This page is about a work. If you're looking for the trope, that's Defcon Five."It's Global Thermonuclear War, and nobody wins. But maybe - just maybe - you can lose the least."A unique Real Time Strategy from Introversion Software, the makers of Uplink, Darwinia, and Multiwinia. You play a general in control of your chosen side's nuclear arsenal, and your goal is to exterminate the enemy's civilian populace while preserving your own. In order to win, you must strike against your enemy's population centers while at the same time crippling their ability to retaliate. Easier said than done since launching a strike reveals the locations of that strategic asset to everyone in the game. The game is inspired by the 1983 cult classic WarGames and designed to simulate the paranoia and anxiety of the Cold War.There are 3 scoring modes in DEFCON:
Default: Score two points for every civilian kill, lose one point for every civilian loss.
Genocide: Score one point for every civilian kill.
Survivor: Score points for every civilian you keep alive. The score counter starts at 100 and decreases for every percentage point your own population falls.
There are also multiple game modes:
Diplomacy: Everyone begins with a perfect score and starts in an alliance. One point is lost for every civilian death.
Office Mode: A bit of a joke by the developers. This will run the normal game without sound in a separate window in real time for six hours. Also has a handy escape function to minimize it "if the boss appears".
Speed DEFCON: Matches run at full speed and last no longer than 15 minutes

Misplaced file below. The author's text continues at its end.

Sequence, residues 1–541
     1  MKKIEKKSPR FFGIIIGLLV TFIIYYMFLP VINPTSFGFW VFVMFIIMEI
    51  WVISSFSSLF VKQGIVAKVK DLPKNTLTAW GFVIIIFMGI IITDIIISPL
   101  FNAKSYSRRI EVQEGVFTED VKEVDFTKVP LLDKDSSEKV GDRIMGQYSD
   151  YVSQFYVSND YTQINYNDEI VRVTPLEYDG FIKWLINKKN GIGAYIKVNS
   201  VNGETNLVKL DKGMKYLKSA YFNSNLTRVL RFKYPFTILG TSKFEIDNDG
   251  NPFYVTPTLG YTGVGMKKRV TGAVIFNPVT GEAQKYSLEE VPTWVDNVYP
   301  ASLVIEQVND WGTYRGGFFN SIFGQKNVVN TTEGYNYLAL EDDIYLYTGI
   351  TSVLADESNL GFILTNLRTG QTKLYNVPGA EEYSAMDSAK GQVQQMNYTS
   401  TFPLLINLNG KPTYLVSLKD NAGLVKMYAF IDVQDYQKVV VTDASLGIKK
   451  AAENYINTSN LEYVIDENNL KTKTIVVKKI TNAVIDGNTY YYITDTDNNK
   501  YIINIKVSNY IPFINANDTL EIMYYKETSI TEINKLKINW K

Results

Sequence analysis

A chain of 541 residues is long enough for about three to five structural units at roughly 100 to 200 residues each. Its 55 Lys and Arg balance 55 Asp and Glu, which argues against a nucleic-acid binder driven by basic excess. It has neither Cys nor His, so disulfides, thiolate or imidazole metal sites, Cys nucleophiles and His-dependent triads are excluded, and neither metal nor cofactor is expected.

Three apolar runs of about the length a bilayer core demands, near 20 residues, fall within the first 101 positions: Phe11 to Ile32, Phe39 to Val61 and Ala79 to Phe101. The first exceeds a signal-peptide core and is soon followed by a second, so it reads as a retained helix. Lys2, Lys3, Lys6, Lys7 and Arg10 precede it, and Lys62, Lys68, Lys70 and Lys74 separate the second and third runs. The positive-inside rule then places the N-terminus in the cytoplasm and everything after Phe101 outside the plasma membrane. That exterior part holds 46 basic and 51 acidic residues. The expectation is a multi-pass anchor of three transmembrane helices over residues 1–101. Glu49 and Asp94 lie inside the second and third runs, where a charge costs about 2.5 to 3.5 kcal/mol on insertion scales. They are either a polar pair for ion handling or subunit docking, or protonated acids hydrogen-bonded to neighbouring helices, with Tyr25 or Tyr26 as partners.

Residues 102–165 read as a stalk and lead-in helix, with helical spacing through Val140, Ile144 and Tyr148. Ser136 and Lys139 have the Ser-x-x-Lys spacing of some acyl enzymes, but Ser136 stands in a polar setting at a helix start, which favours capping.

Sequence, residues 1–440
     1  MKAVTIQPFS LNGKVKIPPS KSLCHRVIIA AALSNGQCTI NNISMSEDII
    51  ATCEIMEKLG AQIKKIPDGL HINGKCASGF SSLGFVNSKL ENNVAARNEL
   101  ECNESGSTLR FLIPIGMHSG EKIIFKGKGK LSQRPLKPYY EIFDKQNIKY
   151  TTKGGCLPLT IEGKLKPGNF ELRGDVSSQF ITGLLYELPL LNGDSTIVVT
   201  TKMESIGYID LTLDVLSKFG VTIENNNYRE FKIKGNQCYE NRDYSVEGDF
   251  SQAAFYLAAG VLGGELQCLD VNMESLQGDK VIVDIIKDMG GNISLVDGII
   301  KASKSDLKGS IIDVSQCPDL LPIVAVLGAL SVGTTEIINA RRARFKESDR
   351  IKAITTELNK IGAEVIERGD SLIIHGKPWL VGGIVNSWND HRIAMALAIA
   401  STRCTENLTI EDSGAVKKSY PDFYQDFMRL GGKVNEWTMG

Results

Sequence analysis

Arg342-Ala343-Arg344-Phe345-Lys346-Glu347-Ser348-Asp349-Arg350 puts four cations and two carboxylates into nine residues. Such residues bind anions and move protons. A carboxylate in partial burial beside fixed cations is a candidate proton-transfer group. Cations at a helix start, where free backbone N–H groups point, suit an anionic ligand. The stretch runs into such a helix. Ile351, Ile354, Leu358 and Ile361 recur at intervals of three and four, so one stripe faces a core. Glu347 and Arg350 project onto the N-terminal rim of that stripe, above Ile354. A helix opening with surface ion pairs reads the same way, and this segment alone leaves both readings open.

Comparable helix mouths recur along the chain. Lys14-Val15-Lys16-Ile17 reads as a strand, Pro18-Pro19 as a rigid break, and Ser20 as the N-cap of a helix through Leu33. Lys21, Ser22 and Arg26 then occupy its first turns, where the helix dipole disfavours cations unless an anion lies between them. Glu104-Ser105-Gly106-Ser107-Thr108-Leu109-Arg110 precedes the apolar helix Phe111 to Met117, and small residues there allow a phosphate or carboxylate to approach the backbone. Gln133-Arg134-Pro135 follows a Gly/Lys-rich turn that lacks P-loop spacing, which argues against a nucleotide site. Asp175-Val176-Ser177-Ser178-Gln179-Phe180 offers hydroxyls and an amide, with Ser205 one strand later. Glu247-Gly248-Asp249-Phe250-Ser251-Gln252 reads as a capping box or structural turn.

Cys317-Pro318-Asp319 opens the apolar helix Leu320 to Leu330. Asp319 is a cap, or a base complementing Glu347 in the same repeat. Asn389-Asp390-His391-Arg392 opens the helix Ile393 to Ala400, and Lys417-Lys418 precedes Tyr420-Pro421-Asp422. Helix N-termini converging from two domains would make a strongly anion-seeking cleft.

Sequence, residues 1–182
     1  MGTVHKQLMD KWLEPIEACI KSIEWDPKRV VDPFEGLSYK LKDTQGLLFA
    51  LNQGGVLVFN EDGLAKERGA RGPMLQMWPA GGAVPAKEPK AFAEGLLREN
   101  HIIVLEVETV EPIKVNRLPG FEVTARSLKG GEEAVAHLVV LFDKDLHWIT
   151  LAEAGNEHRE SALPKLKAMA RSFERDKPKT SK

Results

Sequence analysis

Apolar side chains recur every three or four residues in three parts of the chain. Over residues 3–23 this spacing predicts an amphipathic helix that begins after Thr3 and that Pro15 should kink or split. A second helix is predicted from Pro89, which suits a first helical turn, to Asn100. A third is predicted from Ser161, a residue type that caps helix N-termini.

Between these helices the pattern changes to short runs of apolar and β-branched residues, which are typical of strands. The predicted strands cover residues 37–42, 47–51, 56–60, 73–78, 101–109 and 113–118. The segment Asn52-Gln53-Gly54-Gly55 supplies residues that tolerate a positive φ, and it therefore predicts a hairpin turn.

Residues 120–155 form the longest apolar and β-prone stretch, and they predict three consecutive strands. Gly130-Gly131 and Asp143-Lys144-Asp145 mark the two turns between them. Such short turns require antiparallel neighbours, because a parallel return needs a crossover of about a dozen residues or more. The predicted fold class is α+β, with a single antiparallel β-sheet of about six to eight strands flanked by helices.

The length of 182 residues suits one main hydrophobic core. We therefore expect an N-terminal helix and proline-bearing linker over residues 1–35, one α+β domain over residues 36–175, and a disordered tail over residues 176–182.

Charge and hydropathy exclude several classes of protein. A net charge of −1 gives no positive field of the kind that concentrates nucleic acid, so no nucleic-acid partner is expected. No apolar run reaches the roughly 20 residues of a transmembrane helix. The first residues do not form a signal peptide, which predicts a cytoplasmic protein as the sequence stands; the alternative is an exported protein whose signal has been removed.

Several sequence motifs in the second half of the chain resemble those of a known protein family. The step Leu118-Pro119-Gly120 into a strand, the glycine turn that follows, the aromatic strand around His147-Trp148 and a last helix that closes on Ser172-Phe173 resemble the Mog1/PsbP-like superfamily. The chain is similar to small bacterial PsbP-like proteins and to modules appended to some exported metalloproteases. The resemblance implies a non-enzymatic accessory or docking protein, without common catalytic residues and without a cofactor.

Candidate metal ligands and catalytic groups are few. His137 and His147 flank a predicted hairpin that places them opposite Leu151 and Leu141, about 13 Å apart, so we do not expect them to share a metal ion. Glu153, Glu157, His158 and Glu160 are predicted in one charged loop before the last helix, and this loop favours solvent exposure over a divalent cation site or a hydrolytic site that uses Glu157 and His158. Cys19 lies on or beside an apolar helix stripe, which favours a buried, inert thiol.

Big World: Every player has twice as many units and nukes but each unit has half the size, speed, and range. This is meant to be a long and drawn out campaign style.
Tournament: The regular game rules are enforced except that mutiple rounds are played with the territories randomly assigned to each.
Custom: Make whatever game type you want.
When playing the game, the DEFCON level increases as the game progresses. The level determines what actions can be taken in the game.
Defcon "FADE OUT" 5: Can place units.
Defcon "DOUBLE TAKE" 4: Radar coverage reveals the Fog of War.
Defcon "ROUND HOUSE" 3: Can no longer place units: air and naval conflict permitted.
All There in the Manual: There is a manual available for download off the Introversion website which teaches you the basics of the game. However there are some parts where you might not be sure if it was written by a paranoid or a Cloud Cuckoolander.
It's a reference to the Protect and Survive pamphlets that were planed to be handed out in the UK (along with the tv and radio broadcasts) around the height of the Cold War.
Anachronism Stew: The former Soviet Republics are separate from Russia (and the European ones are a part of a United Europe), but St. Petersburg is named Leningrad in game and East and West Germany are separated by borders (although both are part of said United Europe).
Cosmetically Different Sides: Everyone starts with the same assets and the same population count. Population centers are spread out differently between the continents though.